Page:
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Woster: The best form of communication is clear and concise. Except when you're texting

More humbling is discovering my texting style might be interpreted as aggressive. That’s because I use punctuation marks and other tools of proper writing.

Terry Woster
Terry Woster
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After a chat with a granddaughter the other day, I realized I might be a terribly offensive person when it comes to writing text messages.

Who knew, right? I mean, during my school years in Chamberlain, one wonderful teacher after another helped me learn sentence structure and use of words and proper punctuation and all the other things that once were required in written communications. And in my professional life as a newspaper reporter, the ability to produce clear, concise stories was an essential piece of the job. I’d go so far as to say that clear writing was the job, no matter the story.

Things have changed. Nobody — well, almost nobody — sits down and writes a letter, it seems. Handwritten letters are a treat to receive, but I imagine I’m squarely in the demographic group that still sends them once in a while. Everything is done by text message or some other form of instant, online messaging.

I can text, although I’ll never learn to use a touch-screen keyboard with more than my right index finger. I used to crank away quite proficiently with both thumbs on a Blackberry keyboard, but those are as gone as typewriters. So, a guy who could cut tape on a teletype machine at better than 90 words a minute is reduced to pecking with one finger, deleting a lot and creating typographical errors that too often are in the sent message. It’s humbling.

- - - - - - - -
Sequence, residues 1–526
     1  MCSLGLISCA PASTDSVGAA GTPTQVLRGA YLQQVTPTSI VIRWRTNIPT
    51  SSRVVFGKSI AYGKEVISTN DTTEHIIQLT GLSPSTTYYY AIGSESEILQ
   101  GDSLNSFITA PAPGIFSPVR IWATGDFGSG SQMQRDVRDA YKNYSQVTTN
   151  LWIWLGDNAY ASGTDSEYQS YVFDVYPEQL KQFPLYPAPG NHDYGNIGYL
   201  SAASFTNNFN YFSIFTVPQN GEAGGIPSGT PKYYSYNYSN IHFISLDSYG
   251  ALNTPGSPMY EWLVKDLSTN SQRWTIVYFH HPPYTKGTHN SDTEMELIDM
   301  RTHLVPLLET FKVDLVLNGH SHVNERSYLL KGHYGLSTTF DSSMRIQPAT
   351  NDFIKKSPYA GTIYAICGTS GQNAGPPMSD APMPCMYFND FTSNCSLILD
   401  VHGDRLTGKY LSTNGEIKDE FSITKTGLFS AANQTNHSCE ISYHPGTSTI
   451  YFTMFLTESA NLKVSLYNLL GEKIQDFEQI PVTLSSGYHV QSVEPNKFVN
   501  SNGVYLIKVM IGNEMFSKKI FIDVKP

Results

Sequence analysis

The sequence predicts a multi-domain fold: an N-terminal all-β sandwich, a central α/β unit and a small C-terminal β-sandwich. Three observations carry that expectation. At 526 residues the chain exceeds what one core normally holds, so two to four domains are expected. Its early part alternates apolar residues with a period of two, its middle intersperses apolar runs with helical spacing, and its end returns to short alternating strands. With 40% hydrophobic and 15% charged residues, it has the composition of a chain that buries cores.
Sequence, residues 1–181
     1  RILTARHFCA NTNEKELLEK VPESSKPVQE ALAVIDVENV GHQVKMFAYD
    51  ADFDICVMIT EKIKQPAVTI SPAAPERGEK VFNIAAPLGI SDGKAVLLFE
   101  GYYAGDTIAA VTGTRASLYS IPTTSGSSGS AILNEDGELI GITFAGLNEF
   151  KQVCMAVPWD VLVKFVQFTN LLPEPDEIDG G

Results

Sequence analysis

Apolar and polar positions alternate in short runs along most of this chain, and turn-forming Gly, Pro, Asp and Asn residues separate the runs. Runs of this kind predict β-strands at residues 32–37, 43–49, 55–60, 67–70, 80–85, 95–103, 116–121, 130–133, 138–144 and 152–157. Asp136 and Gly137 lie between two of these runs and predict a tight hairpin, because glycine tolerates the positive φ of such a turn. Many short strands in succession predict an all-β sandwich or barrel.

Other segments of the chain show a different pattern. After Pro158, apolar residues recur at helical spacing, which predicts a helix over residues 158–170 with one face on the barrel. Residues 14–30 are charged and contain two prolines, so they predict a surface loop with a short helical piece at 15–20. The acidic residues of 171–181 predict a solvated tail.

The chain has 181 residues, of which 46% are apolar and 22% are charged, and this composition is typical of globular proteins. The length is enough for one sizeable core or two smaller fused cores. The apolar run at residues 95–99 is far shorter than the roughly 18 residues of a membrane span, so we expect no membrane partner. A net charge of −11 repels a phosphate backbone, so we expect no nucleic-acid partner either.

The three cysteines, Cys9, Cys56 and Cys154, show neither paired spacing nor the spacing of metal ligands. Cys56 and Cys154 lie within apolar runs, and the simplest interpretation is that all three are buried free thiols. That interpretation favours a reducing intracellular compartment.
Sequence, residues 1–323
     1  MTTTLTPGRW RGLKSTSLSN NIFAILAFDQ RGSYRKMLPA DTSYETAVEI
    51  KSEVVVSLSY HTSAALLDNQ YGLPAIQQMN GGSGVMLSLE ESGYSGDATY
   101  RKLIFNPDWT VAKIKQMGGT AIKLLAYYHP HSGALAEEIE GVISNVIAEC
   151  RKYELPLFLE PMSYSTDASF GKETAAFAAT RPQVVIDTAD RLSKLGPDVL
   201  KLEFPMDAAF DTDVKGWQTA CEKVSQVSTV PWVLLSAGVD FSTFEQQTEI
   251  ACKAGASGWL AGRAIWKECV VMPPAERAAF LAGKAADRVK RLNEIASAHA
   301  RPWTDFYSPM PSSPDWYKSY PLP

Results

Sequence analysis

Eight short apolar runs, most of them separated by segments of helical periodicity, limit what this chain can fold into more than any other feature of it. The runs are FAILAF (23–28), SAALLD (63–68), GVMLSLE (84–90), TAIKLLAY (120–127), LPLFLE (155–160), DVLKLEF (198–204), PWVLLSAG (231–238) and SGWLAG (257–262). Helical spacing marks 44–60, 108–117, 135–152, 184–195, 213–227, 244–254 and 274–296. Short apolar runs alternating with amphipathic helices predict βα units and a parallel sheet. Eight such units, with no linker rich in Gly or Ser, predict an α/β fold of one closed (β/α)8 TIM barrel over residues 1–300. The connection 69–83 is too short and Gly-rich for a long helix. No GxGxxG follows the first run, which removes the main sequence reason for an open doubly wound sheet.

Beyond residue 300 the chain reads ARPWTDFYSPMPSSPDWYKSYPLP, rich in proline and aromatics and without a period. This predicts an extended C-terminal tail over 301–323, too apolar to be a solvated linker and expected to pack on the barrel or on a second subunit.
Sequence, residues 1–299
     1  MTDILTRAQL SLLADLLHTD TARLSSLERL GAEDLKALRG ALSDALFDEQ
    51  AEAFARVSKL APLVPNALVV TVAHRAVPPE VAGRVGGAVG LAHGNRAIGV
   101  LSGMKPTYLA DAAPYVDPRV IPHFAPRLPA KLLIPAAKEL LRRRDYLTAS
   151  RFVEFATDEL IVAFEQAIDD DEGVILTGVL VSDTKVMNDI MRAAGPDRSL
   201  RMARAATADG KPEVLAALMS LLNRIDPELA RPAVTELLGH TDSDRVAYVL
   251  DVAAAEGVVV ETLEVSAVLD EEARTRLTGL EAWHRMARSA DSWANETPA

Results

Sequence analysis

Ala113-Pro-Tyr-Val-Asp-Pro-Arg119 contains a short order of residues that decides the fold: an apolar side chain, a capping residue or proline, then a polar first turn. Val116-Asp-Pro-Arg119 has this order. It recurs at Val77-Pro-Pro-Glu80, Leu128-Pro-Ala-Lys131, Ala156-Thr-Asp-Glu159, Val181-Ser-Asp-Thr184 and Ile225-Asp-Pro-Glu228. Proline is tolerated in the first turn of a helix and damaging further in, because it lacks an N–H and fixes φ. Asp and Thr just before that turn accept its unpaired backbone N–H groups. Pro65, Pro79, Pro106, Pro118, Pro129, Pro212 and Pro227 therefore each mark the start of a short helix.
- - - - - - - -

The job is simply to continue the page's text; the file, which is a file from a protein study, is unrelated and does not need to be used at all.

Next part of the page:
More humbling is discovering my texting style might be interpreted as aggressive. That’s because I use the punctuation marks and other tools of proper writing that I learned under those great teachers.

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I’ve read random articles about internet writing and how it can be interpreted. I didn’t pay much attention. Nobody can fault a guy for using formal style and punctuation, I figured.

But when the granddaughter came for a visit, she analyzed a one-word online response to something posted on one social-media platform or another. The word was in capital letters, but it had no punctuation. If I’d written it, I’d have capitalized the first letter and ended the word with a period. Even though it was just a word and not a sentence, I’d been taught that things like that need a clearly marked end point.

That approach could have been harsh, abrupt, even aggressive, my granddaughter said. Periods, she said, can be interpreted that way in today’s online communications. The all-caps writing might be considered shouting, she said, but the lack of an ending punctuation mark softened the tone of the message. Well, I never.

After she left, I did some research, or what passes for research these days. I Googled a question and read a few random responses. One of the sources said, “How you use punctuation can change the whole meaning of a text. A quick “thank you!’’ message can go from friendly to passive-aggressive or anxiety-inducing, simply by changing the exclamation point to a period.’’

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A few more folks scattered here and there would be nice, though, enough to support a café or two, a general store, a corner grocery and so on.

Me, I’d have thought the exclamation point — one of my first really good editors called them “scare marks’’ — made the note more aggressive. Shows what an old reporter knows, I guess, because I read further that “exclamation points sound more polite. Ending a text message with a period might be the grammatically correct way to do it, but it can come across as rude.’’ In other words, being correct sometimes is rude. Goodness.

“If you say things with that tone, that sounds a little bit sarcastic, it sounds a little bit final,’’ according to an article quoting linguist Gretchen McCulloch, who wrote “Because Internet.’’ So, the “tone’’ of a period at the end of an online sentence, she said, could be interpreted as “maybe this person’s mad at me, maybe this person isn’t sincere.’’

Well, that leaves me not only being a bit passive-aggressive and rude, but also angry and insincere. And all I wanted to do was write a proper sentence the way my teachers showed me.

I send few text messages these days, so my chances of being offensive aren’t great. And if I end this column with a period, please know I’m not angry.

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Opinion by Terry Woster
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